## not every 4 years a leap year?

Posted: December 4, 2012 in Mathematics
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I have just found out that not every four years there is a leap year. It maybe true for my lifetime and probably yours, but it may not be true for your kids or grandkids.

Before I go any further, I have to define what a leap year is. A leap year is when there is a Feb 29th in the particular year. For those years that do not have Feb 29th are called common years. The reason that a leap year has an extra day (366 days) is that the planet Earth rotates around the sun in approximately 365.242374 days. So that’s about 365.25 days. And if you multiply this number by 4, you will get an extra day every four years.

$365.25 \times 4 = (365+0.25) \times 4 = 365\times 4+1$

So this is how we were taught in elementary school that whenever the year is a multiple of 4, it is a leap year. For example, year 2000, 2004, 2008, 2012, etc all have the leap day Feb 29th. But if you look further beyond the calendar, you will find that there is no Feb 29th in the year 2100. You can check it in your electronic devices like laptop or iPhone. Certainly 2100 is a multiple of 4, and if you keep adding a 4 in the sequence 2000, 2004, 2008, …, etc; 2100 is in the list. So what the hell is happening?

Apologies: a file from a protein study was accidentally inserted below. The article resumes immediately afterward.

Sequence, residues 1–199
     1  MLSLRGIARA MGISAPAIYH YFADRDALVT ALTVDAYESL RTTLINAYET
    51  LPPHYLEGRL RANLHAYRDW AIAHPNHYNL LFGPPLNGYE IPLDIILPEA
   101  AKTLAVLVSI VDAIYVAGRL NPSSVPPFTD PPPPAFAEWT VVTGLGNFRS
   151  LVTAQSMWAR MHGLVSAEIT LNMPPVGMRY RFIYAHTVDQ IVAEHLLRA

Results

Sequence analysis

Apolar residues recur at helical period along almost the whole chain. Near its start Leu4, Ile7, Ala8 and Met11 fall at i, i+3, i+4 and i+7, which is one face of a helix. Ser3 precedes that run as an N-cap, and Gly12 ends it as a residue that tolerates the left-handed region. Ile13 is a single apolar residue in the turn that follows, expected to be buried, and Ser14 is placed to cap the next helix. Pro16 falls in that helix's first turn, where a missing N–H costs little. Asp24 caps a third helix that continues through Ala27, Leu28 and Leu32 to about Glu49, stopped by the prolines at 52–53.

I looked that up in wikipedia, this is what I found out in pseudocode:

if year modulo 400 is 0 then is_leap_year else if year modulo 100 is 0 then not_leap_year else if year modulo 4 is 0 then is_leap_year else not_leap_year 

In simple English, usually every 4 years is a leap year except for those years that are a multiple of 100 but not a multiple of 400. For example, 2100, 2200, and 2300 are multiple of 100, so those are considered common years. The year 2000 is a multiple of 400, so it is still considered a leap year and so as year 2400. If you can live that long, you will witness 7 consecutive common years: 2097, 2098, 2099, 2100, 2101, 2102, 2103.

Certainly I will be dead by then. But maybe our kids or grandkids can live through the year 2100.